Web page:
If you have kids you know getting them dressed is a royal pain in the bum. If they are very small you have to thread their fragile bones through the straight jackets Carters tries to pass off as onesies. If they are toddlers you have to clothe a beast more slippery than a eel and more flexible than an Olympic gymnast. Once they hit the "young kid" stage you have to beg and plead for hours to get them to even put socks on and when they do, they'll complain about them. What's the deal?! Get dressed already and move on with your day! But alas, they do not.
After going insane trying to get my 2 and 4 year old dressed every morning I realized I needed a new strategy. They both are wildly independent (which is how we train them 'round here) and have opinions they don't mind voicing. However, they are still kids and don't actually want to accomplish anything requested of them. Dressing in the mornings used to be a battle where I would choose clothes and the girls would vehemently reject them. They would shout and cry and the sight of outfits I chose, refusing to put them on. Or they would emerge wearing bathing suits in November and I would be forced to go in and dress them myself in the 11th hour anyway. GAH!
Finally I figured it out. I sat them down and talked it out with them. I explained that taking 20-30 minutes in the morning to dress was unrealistic and wasting valuable time. Time when they could be playing or doing other activities they like before dropping my oldest at school. I'm not sure that resonated though. I also explained that I did not particularly want to spend my time choosing clothes that weren't going to be worn. Still, they didn't seem to really mind. I even pointed out that it made them unhappy to wear clothes I chose for them. That they agreed to whole heartedly. My proposition was this: dress yourself.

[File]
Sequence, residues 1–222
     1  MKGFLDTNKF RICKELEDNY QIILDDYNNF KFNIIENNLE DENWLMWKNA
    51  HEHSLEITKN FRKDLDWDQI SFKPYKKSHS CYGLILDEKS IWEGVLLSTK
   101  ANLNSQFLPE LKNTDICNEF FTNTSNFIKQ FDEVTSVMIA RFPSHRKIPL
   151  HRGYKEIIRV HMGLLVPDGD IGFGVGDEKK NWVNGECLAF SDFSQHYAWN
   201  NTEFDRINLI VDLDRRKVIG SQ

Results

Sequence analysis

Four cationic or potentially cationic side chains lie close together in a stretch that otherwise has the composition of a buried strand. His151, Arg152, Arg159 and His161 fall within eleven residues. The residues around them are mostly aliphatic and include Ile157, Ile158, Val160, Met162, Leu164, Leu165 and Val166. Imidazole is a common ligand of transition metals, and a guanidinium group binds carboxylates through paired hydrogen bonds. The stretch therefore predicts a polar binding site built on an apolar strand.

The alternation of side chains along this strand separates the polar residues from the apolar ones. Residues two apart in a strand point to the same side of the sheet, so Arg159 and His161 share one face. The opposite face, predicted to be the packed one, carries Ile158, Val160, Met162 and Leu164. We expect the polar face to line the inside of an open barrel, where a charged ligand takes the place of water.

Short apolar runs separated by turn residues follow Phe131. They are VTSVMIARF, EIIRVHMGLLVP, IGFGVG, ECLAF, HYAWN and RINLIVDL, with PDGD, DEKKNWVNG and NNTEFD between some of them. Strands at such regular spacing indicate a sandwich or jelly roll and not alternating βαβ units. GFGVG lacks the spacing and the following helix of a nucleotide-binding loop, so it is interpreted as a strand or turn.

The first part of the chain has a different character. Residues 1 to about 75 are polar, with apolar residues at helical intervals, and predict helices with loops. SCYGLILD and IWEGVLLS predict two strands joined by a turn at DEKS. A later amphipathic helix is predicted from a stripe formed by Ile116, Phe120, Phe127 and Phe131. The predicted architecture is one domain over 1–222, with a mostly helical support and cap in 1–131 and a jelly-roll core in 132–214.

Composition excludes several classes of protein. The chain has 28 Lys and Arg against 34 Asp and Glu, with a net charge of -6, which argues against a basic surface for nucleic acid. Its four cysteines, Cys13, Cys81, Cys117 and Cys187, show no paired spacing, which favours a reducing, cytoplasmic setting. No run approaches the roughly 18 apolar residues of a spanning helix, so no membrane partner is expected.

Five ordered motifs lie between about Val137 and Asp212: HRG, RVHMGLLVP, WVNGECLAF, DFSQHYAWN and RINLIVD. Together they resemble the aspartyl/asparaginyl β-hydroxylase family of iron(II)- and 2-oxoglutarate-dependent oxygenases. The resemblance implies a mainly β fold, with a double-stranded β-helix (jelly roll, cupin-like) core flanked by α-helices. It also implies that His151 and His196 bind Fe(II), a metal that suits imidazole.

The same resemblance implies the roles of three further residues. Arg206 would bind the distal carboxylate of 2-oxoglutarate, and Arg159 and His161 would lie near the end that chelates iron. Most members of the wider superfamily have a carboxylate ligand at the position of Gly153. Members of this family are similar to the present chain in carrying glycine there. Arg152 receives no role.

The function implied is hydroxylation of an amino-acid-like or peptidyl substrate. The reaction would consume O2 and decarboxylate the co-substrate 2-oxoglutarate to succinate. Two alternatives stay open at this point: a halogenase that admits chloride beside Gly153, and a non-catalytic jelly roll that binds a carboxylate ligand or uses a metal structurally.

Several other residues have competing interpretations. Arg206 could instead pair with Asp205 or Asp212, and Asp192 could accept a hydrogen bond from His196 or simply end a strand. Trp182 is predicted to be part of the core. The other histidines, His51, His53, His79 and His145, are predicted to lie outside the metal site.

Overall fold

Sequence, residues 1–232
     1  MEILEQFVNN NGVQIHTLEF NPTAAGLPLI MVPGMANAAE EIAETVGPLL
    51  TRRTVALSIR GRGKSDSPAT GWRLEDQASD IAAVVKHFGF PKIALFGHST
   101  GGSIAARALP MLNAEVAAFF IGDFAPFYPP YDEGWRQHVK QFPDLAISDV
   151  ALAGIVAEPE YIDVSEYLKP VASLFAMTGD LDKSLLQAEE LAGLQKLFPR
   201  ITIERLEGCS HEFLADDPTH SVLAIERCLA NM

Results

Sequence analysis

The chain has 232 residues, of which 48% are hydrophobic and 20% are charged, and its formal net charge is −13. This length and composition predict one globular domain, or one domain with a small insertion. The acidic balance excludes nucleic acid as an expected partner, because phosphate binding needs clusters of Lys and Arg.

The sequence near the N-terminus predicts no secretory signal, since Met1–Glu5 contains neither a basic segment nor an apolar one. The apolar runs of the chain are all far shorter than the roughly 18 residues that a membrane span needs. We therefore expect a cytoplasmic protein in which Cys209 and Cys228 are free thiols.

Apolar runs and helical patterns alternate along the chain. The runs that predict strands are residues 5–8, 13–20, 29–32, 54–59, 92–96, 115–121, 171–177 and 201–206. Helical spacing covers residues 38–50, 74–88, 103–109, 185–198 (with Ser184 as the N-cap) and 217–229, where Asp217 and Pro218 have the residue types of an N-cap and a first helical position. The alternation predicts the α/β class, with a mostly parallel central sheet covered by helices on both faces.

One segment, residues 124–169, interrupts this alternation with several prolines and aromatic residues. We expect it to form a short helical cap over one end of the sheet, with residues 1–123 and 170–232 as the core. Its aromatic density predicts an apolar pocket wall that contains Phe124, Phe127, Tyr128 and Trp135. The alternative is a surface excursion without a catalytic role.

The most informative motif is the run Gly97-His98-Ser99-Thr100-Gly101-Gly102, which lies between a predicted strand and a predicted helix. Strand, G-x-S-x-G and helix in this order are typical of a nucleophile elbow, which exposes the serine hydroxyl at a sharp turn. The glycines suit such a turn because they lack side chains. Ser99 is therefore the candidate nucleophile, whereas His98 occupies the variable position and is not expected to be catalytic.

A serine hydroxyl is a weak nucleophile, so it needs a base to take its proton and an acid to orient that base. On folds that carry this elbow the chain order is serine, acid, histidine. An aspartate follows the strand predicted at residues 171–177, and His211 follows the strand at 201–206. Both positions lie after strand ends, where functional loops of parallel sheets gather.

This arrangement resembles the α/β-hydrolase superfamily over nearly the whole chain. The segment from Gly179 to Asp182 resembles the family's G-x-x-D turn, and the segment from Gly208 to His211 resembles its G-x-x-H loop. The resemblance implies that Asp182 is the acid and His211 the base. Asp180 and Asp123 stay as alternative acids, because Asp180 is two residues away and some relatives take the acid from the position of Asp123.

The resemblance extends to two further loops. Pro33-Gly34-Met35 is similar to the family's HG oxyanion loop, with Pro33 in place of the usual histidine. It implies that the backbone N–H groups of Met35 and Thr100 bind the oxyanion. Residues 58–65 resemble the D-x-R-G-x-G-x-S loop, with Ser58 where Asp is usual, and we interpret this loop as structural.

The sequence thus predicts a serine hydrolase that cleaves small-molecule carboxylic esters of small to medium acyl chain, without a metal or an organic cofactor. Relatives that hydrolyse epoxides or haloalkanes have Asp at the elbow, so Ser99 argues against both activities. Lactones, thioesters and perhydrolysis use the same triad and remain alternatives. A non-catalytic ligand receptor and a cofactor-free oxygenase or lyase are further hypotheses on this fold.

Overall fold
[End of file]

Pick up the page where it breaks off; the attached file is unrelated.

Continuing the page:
That's it. Dress yourself. There was no catch. If they got up, picked out their clothes and put them on- to the absolute best of their abilities-then they could wear whatever they chose (seasonally appropriate). If they didn't, I would choose their clothes and dressed them myself, like babies...dun, dun, duuuun! The first few days it didn't quite click. My oldest still protested getting dressed so I went in, chose an outfit and dressed her. My youngest still went straight for the bathing suits and dance costumes with no under garments, so again, I took over.
On the 3rd day my oldest came from her room wearing peace sign multi colored leggings, a brown polka dot long sleeve, green Tinkerbell socks, and her fanciest purple sequins dress. She was upset because she couldn't zip the back and thought I'd make her take it off. Instead I zipped her up, told her I thought she did a great job, and that I am always there to help as long as she tried her hardest first. In that instant she got it. The look of understanding was profound and plastered all over her face.
From that day forward I have had to lend minimal assistance to either of my girls when dressing. I help with zippers, shoe tying and dress reaching (if they ask with manners and have all other components on already). They have been able to express themselves through their clothes and are even helping each other out in the morning now.